I had high hopes for Black Death: director Christopher Smith has
previously displayed both a wickedly dark sense of humour and a
willingness to get good and gory in the name of entertainment, and his
first three features, Creep, Severance and Triangle, saw him steadily
improving as a film-maker and storyteller. With a movie set in
plague-ravaged Medieval times, I fully expected Smith to deliver a
delightfully gruesome piece of historical horror, light on factual
accuracy perhaps, but heavy on exploitative goodnessFlesh + Blood for
the 21st Century.
However, rather than go the whole hog and wallow in the utter filth and depravity of the era, depicting in lingering close-up its horrific torture, rape, executions, brutal battles and scabrous whores with bad teeth dropping dead in the street, Smith adopts an approach that is frustratingly reserved and surprisingly trite.
While the film is certainly unrelentingly grim and frequently violent, its bouts of brutality are filmed in annoyingly trendy wobbly-cam and edited so rapidly that what juicy content there is proves frustratingly hard to see. As far as I am concerned, if you present an ingenious torture device designed to split a person from 'ass to Adam's apple', you should show it in use; if you've got half a dozen merciless warriors engaged in battle with savage killers, bring on the outrageous splatter and scatter those severed body parts; and if you have a character pulled apart by horses, don't wimp out with a crap one-second shot of mannequin arms being pulled along the ground when the audience are expecting a twitching limb-less torso gushing blood.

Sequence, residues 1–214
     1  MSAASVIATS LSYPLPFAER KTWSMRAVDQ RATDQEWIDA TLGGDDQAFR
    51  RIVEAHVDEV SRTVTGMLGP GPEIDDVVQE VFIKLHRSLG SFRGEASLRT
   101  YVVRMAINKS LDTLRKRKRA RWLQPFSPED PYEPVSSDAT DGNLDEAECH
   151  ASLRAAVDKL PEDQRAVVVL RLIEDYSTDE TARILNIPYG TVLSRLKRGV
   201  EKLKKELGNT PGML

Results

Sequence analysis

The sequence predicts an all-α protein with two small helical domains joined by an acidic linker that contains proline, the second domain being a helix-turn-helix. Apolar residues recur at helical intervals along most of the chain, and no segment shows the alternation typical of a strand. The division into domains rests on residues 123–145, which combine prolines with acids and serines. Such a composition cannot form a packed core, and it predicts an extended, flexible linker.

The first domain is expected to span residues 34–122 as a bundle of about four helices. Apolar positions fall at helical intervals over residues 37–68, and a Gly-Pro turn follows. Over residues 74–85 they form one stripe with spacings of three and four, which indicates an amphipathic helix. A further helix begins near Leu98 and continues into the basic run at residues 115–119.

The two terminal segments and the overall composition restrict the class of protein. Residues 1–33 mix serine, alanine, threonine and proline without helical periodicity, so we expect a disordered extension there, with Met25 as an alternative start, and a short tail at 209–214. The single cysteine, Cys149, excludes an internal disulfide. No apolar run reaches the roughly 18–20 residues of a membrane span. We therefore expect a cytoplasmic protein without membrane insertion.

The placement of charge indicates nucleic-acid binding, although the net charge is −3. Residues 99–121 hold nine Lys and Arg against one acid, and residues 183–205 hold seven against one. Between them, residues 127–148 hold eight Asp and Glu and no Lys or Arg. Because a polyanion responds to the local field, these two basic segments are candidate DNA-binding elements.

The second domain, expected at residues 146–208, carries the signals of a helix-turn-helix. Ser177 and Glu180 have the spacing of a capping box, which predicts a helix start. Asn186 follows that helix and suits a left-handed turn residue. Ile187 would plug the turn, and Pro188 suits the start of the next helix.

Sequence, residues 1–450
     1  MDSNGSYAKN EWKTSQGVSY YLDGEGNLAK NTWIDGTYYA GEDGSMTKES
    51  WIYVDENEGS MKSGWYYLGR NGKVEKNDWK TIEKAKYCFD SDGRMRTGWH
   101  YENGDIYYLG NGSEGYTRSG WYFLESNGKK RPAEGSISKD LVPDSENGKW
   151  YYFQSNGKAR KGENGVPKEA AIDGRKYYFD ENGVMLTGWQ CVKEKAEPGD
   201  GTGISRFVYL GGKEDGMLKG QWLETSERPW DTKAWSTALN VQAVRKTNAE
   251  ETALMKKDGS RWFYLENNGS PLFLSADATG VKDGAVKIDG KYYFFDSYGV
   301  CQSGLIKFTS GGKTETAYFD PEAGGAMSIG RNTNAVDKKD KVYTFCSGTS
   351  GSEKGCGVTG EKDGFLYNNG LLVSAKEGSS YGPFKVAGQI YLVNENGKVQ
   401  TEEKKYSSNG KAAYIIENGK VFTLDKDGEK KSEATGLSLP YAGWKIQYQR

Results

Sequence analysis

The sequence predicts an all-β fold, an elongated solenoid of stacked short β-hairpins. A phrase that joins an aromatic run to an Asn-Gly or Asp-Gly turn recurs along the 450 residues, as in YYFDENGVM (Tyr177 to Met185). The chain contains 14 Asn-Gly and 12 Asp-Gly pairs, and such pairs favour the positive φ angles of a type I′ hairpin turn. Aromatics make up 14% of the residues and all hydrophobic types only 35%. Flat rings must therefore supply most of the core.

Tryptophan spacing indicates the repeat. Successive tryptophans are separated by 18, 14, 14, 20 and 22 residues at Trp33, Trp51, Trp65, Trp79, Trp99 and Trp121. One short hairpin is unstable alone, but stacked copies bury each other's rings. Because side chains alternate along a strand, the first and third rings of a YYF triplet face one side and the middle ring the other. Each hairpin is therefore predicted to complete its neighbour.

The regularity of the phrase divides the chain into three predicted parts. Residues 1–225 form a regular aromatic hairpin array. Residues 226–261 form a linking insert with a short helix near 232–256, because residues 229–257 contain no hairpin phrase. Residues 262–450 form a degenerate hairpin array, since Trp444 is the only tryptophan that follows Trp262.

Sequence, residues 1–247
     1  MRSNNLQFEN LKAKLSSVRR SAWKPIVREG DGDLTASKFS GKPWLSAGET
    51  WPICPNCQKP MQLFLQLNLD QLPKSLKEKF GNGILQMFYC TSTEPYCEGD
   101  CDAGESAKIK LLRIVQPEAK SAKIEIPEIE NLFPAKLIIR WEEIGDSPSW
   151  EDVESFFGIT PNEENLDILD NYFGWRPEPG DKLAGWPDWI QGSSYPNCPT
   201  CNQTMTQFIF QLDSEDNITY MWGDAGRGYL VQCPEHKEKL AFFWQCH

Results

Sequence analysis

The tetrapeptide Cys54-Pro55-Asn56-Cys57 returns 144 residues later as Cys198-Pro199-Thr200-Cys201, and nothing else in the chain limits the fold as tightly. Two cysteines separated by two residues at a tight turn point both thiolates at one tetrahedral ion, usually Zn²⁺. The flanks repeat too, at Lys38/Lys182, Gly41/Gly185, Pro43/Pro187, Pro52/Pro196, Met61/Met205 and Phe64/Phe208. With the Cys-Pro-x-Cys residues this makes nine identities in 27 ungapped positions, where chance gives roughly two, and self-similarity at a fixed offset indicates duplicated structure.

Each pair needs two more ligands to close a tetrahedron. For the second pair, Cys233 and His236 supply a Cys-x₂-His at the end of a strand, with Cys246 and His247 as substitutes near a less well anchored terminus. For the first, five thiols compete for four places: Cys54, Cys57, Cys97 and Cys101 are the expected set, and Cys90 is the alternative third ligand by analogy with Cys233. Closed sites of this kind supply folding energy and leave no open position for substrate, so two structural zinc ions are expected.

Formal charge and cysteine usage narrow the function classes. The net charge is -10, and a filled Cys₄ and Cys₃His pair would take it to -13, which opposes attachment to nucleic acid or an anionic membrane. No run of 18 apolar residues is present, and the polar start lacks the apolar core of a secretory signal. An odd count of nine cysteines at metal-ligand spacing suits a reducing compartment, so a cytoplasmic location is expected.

The lack of satisfyingly gruesome detail, coupled with a dreary and overly austere narrative that focuses on boring religious conflict and a bland monk's search for his love interest ultimately makes the film a disappointing experience. There's nothing here that Witchfinder General didn't do much, much better over 40 years ago.
From the beginning I loved the setting with all the scenery that
consumed me in setting the mood. It started off a bit slow but quickly
picked up. About 1/2 way through there as some intense fighting along
with quite a bit of gore.
From there the story took on a different view as they entered the village. I too thought that the villagers seems a bit too modern for the rest of the backdrop. Sean Bean looked like he walked right of the Game of Thrones set onto this set.
At times the plot covered religion and faith as a over-compassing subject forcing the watcher to at times self reflect. I found some of the dialog was a bit drawn out and the shaky camera action was annoying. Overall it was a good movie